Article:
FBI: Fla. lawyer's alleged fraud over $1 billion

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NORTH MIAMI BEACH, Fla. (AP) - The suspected Ponzi scheme run by a high-profile South Florida lawyer is likely to exceed $1 billion and involved thousands of investors in the U.S. and abroad, a top FBI official said Thursday.

John Gillies, special agent in charge of the FBI's Miami field office, said investigators want more investors with attorney Scott Rothstein to come forward so they can better understand the full scope of the alleged scam. Gillies said the probe is likely to take weeks before any criminal charges are filed.

"We are conducting this investigation in a timely manner. But we will not be pushed. We are far from over," Gillies said.

The FBI set up a dedicated e-mail address - Rothstein.Investmentic.fbi.gov - for the investors with Rothstein, who was offering huge returns through legal settlements that investigators say were pure fiction. The FBI also set up a toll free number: 1-800-225-5324, with callers asked to select the "Rothstein Option."

Profits of 20 percent or more were commonly promised, but a civil forfeiture complaint contends that Rothstein was running a classic Ponzi scheme in which money from new investors was used to pay off older ones - and Rothstein kept most of it himself.

"We're seeking any information from victims who may be out there. We believe there's information out there," Gillies said. "I would put this as one of the biggest alleged fraud schemes we've investigated in South Florida."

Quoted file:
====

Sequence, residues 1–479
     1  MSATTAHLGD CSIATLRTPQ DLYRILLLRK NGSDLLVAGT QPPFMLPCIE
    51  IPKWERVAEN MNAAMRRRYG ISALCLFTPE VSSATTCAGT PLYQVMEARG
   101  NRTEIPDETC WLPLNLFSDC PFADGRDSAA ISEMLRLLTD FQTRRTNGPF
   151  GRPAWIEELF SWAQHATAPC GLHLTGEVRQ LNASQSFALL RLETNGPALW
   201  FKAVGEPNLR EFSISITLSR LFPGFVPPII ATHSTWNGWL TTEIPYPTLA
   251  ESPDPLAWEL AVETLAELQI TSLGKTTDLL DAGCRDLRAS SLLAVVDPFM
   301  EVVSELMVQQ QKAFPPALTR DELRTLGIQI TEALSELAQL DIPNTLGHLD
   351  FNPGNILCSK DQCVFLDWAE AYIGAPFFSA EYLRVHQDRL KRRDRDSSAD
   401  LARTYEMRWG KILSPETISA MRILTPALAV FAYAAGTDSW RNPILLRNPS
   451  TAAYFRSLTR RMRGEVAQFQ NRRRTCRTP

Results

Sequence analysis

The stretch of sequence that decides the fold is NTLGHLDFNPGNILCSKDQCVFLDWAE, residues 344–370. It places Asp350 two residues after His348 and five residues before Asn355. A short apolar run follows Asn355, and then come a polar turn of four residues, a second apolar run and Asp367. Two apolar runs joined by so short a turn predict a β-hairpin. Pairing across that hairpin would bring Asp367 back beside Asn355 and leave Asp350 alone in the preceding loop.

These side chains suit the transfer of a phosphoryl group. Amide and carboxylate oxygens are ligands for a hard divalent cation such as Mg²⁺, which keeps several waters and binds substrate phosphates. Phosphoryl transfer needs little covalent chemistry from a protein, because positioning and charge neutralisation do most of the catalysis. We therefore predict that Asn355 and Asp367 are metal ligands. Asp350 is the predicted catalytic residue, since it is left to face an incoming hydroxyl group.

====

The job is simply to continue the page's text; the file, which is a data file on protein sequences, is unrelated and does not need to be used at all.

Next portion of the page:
Rothstein's attorney had no immediate comment Thursday.

Also Thursday, attorney Stuart Rosenfeldt stepped down as CEO of the law firm he co-founded with Rothstein, giving full control to court-appointed receiver Herbert Stettin, firm spokesman Charles Jones said.

Rothstein, 47, was removed from the same position a week ago as the scandal broke.The 150-employee firm, Rothstein Rosenfeldt Adler, has also been hit with a bankruptcy petition filed by creditors. At a hearing Thursday, the firm's attorneys said it would not contest the petition.

The FBI and Internal Revenue Service have already seized much of Rothstein's empire, including yachts, luxury cars and bank accounts, and placed liens on about $18 million in South Florida real estate that could be forfeited if Rothstein is convicted of a crime. Those assets would typically be auctioned to repay wronged investors.

No one else has been implicated by name in the fraud, but Gillies said he wouldn't rule out other people.

"I don't believe this was a one-man show," Gillies said.

Attorneys for numerous Rothstein investors are already heading to the courts with lawsuits aimed at recovering their losses.


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